I’d also like to know CTE statistics for the non-athlete population, then the rates at each sport. It seems many like to correlate concussions with CTE. This may or may not be the case. And as the old rule states, correlation does not imply causation. We should be careful of demonizing the game of football for a disease nobody knew existed 5 years ago. We could ultimately learn that CTE is something a person is genetically predisposed to. Or that it’s caused by exercise, or drinking Gatorade. These points are equally valid today, as we have no proof otherwise.

    —————————

    There have been baseline studies as well. CTE isn’t as common in those that don’t play. The brain isn’t a super organ that can just take punishment and not be effected. Much like if you get your knee operated on 5 times you won’t run as well as you did had you never torn your knee, your brain won’t operate the same. All for studies being done but to still be skeptical that football can cause brain damage is just silly at this point. Far too much evidence. You want to know more, the research is out there and the machine you read this on can give it to you.

  11. sllabskcustfpk says:
    September 26, 2017 at 4:10 pm

    I read a report on another website that scientists right now are developing a pill to help prevent brain injuries/damage caused by CTE.

    Evidently, after a person is concussed, the body releases some sort of protein that harms the brain. The pill that is being developed is designed to break down these proteins before they harm the brain. The article stated that researchers think this pill could be approved and available within 10 years.

    I know it sounds far-fetched, but I really think this pill can be a game-changer.
    ————————

    Russell Wilson is way ahead of them with his “Recovery Water”, with “Nanobubbles”.

  12. Wait a minute! Are they trying to say that non football players also show signs of brain abnormalities? That’s not possible. The media tells us that play football = get concussion = go crazy and die early.

    Also, soccer concussions don’t cause any problems at all apparently because nobody cares that soccer has more concussions than football.

  13. CTE is part of aging. IF Goddell wants Unity, why not guarantee all contracts and pay all players equally. No player should make more income than another. Everyone gets same game check total. Equal shares.

  14. randomcommenter says:
    September 26, 2017 at 4:35 pm

    Wait a minute! Are they trying to say that non football players also show signs of brain abnormalities? That’s not possible. The media tells us that play football = get concussion = go crazy and die early.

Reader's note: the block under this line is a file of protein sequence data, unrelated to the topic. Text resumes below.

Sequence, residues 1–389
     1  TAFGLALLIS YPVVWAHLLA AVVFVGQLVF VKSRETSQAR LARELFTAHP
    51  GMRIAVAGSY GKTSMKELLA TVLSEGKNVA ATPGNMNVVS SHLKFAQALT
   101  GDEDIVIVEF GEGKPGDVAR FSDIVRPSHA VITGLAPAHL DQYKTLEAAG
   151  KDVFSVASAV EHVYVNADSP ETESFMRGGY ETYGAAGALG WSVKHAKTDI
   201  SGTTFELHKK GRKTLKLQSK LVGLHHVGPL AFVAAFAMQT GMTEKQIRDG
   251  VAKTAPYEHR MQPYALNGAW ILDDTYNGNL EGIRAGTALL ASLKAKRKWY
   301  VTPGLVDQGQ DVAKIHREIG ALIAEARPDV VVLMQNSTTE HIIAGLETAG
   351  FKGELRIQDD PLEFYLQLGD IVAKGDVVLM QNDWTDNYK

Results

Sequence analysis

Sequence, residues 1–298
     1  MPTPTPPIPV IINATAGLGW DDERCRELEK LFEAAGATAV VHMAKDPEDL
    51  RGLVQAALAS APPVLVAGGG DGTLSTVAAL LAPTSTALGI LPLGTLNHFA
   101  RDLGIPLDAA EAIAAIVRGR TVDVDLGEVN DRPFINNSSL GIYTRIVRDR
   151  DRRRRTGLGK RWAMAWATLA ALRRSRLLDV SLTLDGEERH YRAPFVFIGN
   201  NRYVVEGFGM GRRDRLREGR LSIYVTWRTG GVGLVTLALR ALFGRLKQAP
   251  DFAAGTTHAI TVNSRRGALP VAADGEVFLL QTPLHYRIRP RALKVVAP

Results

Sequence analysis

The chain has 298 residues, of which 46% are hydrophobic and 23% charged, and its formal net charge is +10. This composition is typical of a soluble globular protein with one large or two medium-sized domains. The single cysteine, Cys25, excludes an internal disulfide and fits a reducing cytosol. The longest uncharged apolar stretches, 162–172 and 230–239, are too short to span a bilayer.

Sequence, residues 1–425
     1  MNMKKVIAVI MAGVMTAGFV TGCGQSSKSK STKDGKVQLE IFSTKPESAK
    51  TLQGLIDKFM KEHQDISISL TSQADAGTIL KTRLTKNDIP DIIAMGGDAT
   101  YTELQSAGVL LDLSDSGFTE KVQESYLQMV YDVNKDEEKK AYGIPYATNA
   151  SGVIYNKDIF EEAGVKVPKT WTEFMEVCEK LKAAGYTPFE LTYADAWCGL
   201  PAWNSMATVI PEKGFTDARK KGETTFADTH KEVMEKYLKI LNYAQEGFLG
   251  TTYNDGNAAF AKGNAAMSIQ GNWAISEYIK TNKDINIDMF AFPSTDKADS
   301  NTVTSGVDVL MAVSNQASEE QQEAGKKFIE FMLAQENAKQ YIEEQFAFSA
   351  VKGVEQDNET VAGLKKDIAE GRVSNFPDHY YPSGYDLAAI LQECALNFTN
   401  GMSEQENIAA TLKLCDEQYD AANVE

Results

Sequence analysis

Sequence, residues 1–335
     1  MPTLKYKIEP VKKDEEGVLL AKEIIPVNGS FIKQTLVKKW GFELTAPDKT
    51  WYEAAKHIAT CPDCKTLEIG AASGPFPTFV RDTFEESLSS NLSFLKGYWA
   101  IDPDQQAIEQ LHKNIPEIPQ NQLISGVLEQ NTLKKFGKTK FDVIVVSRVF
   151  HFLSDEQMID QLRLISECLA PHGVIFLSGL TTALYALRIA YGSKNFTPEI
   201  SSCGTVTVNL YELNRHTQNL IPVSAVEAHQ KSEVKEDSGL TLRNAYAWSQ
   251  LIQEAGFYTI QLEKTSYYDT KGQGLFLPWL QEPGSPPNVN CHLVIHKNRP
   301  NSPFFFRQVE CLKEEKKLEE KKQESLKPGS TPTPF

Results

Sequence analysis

————————

    Both are true, minus your added drama, so what’s your point? Are you trying to say that football players don’t get concussions?

  15. freedomofspeechyesway says:
    September 26, 2017 at 3:08 pm

    I’ve asked many times on this site and others, never seen an answer-

    What is the CTE baseline in the general population?
    ———————–

    If only there were an internet site where you could type in a query and get back thousands of results.

  16. Its starting to sound like a medical gimmick to get money out of folks and research money. They just haven’t studied it enough in the rest of the population in general. A whole lot of money for research for a very, very small potion of people. Probably taxpayer money.

  17. Both are true, minus your added drama, so what’s your point? Are you trying to say that football players don’t get concussions?

    _——————————————————————-

    Point is that CTE type brain issues appear normally in non football players. It’s not proven that concussions cause CTE. Also, concussions are prevalent in other sports but nobody seems to care.

    Somehow, it’s only a big deal if an ex football player has brain issues. Conveniently lines up with the deepest pockets to pick for research money.

  18. sllabskcustfpk says:
    September 26, 2017 at 4:10 pm
    I read a report on another website that scientists right now are developing a pill to help prevent brain injuries/damage caused by CTE.

    Evidently, after a person is concussed, the body releases some sort of protein that harms the brain. The pill that is being developed is designed to break down these proteins before they harm the brain. The article stated that researchers think this pill could be approved and available within 10 years.

    I know it sounds far-fetched, but I really think this pill can be a game-changer.

    ——

    Or they can use marijuana. The Israelis have studied the impact of compounds in marijuana on brain trauma. They found that CBD specifically helps reduce intercranial pressure which lessens brain swelling lessening the impact of head trauma quite a bit. The Israeli Defense Firce now administers CBD oil to victims of traumatic brain injuries immediately. They provide this to both their people and enemy combatants.

    Then again big pharma can patent a plant so this likely won’t be studied in the US.

  19. That’s why players get paid the big money, they know the risks, but they choose to take the risks in order to make the money, that 95% of them would never make without football.

Leave a Reply

You must be logged in to leave a comment. Not a member? Register now!